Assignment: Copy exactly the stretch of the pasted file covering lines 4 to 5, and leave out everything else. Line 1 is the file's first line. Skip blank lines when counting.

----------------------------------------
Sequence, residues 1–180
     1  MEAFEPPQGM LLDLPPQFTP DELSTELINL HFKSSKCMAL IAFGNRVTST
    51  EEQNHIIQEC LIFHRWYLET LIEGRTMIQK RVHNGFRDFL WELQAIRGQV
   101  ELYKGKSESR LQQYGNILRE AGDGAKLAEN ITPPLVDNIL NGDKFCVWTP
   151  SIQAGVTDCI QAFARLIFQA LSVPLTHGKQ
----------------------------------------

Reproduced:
   101  ELYKGKSESR LQQYGNILRE AGDGAKLAEN ITPPLVDNIL NGDKFCVWTP
   151  SIQAGVTDCI QAFARLIFQA LSVPLTHGKQ